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The concept of a digital product selling out is a little difficult to comprehend, until you factor in two other things: marketing and support materials.

How does a digital product sell out? I saw a game that was sold out. I'm confused.

The concept of "selling out" of a product, when that product is nothing more than digital data, is artificial. But sometimes, there's more to the product than digital data.

In this audio segment from an Ask Leo! webinar, I'll discuss what it might mean to have a digital product sell out.

Download the mp3 (3M)


How does a digital product sell out? I saw a game that was sold out. And I'm confused.

Most of the time ... the Amazon scenario is actually a pretty interesting one to dovetail into this because obviously, bits are bits. One thing computers are great at is copying files. They can copy like nobody's business. That's, I'm convinced, that's like 80% of what computers do is to copy bits from one place to another. So, when that's digital media, like music or books or product, there's really no physical limit on the number of copies you can make.

When somebody imposes a limit, like selling out of a product, that typically means that it's either a marketing issue (in other words, they are trying to provide a sense or create a sense of scarcity for this product to hopefully encourage people to buy it when they might be undecided), or as in the case of Kindle, they may be under contractual obligation for how many people can actually purchase that product that they are allowed to sell or in the case of Kindle, how often you are allowed to share it.

There's another scenario that's typically less likely is that the product consists of more than just bits; there's additional parts to the product – be they physical parts like boxes or manuals or God only knows what – then they could have a limit on those. They have an unlimited number of bits to give you, but they don't have all of the support materials.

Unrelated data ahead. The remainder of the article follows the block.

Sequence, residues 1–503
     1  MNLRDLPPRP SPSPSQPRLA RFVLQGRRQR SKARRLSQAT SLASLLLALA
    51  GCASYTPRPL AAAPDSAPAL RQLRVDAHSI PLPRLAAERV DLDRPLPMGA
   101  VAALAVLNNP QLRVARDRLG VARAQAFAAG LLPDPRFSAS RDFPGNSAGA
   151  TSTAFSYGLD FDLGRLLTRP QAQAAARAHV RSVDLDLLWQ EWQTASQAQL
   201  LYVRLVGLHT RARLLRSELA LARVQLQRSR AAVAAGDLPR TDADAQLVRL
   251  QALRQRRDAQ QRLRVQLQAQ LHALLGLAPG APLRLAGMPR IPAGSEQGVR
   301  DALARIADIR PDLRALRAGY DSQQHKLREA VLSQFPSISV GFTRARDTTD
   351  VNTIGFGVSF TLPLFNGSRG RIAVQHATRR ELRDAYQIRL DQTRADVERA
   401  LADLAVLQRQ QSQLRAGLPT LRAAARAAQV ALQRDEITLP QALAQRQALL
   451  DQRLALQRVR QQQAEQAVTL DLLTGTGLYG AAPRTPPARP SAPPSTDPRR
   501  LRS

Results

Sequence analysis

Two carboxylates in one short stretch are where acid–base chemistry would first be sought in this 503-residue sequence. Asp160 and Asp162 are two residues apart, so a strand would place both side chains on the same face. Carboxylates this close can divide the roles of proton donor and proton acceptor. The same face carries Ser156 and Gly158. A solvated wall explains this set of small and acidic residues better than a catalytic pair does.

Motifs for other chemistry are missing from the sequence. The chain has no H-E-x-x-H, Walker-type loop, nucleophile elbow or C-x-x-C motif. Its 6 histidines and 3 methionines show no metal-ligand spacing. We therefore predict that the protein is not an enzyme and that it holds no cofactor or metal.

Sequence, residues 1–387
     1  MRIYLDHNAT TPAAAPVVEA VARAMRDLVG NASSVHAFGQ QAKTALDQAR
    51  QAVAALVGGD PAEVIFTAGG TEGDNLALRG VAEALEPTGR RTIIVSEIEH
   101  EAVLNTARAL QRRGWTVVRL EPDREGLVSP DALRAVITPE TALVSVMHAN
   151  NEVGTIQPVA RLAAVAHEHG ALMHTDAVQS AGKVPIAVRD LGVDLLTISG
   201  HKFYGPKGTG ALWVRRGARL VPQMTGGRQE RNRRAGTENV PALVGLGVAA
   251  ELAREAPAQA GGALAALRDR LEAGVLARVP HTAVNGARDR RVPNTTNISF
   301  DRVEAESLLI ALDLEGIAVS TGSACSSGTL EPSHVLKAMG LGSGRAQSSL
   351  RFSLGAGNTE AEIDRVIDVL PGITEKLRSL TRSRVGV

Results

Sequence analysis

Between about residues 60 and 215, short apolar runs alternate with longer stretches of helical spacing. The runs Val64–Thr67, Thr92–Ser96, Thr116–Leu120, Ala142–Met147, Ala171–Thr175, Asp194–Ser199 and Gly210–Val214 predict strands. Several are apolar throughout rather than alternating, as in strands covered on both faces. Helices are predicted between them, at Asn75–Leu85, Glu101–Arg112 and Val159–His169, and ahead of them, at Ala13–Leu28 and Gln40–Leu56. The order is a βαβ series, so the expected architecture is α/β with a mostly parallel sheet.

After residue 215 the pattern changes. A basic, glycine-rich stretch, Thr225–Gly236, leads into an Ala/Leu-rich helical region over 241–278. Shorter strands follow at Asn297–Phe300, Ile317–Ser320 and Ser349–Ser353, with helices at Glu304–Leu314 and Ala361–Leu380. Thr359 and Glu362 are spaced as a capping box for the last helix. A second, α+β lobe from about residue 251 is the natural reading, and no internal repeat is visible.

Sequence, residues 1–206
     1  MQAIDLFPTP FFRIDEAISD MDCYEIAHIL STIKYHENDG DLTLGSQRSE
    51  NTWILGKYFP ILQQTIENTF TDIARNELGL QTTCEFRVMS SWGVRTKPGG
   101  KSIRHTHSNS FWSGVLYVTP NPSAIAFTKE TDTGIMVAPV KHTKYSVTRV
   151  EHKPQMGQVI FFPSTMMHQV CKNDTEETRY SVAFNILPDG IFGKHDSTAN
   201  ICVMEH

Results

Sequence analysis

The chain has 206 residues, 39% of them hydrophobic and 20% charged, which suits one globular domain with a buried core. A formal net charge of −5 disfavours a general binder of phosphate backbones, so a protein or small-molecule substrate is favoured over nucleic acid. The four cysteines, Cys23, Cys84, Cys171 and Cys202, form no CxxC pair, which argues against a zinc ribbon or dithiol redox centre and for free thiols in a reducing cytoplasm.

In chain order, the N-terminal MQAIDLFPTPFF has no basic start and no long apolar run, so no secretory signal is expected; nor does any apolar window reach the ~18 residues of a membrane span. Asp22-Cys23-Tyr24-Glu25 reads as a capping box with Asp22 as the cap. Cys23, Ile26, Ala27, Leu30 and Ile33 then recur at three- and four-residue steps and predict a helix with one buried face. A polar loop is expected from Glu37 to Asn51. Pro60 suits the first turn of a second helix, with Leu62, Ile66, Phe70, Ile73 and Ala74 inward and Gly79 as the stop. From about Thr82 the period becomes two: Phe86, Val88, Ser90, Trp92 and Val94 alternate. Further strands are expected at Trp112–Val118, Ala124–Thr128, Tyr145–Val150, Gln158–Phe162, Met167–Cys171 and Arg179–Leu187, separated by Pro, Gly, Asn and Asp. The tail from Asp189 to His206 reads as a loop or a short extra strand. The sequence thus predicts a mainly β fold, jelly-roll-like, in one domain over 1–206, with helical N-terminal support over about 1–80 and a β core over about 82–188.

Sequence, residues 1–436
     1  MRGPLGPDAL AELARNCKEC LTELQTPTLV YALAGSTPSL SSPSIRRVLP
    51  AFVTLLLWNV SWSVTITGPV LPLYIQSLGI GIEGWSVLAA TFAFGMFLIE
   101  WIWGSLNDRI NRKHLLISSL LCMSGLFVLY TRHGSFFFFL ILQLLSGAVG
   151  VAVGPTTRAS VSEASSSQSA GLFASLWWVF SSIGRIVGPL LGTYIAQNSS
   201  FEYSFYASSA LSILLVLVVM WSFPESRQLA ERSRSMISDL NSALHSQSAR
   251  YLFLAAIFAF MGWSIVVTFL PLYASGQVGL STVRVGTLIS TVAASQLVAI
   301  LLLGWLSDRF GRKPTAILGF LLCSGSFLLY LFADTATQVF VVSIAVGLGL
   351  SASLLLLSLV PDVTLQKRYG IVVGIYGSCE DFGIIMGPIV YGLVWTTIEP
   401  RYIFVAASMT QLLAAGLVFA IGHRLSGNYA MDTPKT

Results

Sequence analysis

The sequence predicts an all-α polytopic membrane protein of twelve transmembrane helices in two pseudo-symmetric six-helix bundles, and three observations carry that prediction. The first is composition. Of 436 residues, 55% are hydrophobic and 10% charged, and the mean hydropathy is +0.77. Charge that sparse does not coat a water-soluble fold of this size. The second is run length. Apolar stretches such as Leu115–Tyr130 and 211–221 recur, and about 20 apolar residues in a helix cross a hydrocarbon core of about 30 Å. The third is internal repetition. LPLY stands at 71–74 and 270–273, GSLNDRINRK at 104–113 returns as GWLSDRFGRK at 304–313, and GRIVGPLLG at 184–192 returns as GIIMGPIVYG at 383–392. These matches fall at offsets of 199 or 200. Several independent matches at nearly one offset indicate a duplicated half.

Another scenario is when the product comes with bonus materials. One of the things I plan to do with the Maintaining 7 book is when you purchase the book, you will be granted access to a website that contains a bunch of bonus material. I don't plan to, but I could certainly understand where people will have a limited number of accounts to be able to give away for that kind of thing.

Even here today, GoToWebinar is a good example of that. Really, all we're dealing with here is bits. My voice is being converted to bits here at my computer. The screen image that you're looking is being converted to bits and those bits are just sort of streaming out from my computer out to GoToWebinar where it's being distributed. They have a limit of one hundred attendees at a time.

That's the only reason for that limit, besides potentially the hardware required to stream data to one hundred simultaneously is that I'd have to pay more to get more, so it falls back to kind of a marketing limitation. So those are the kinds of things that can factor into it.

Ultimately, you're absolutely right: bits is bits. You can make as many copies of them as you like. Typically, when there's a limit of some sort, you end up having to look at other things that are included with those bits or potentially some of the legal or other restrictions that may be placed on the product.

Article C5462 - June 13, 2012 « »

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Leo Leo A. Notenboom has been playing with computers since he was required to take a programming class in 1976. An 18 year career as a programmer at Microsoft soon followed. After "retiring" in 2001, Leo started Ask Leo! in 2003 as a place for answers to common computer and technical questions. More about Leo.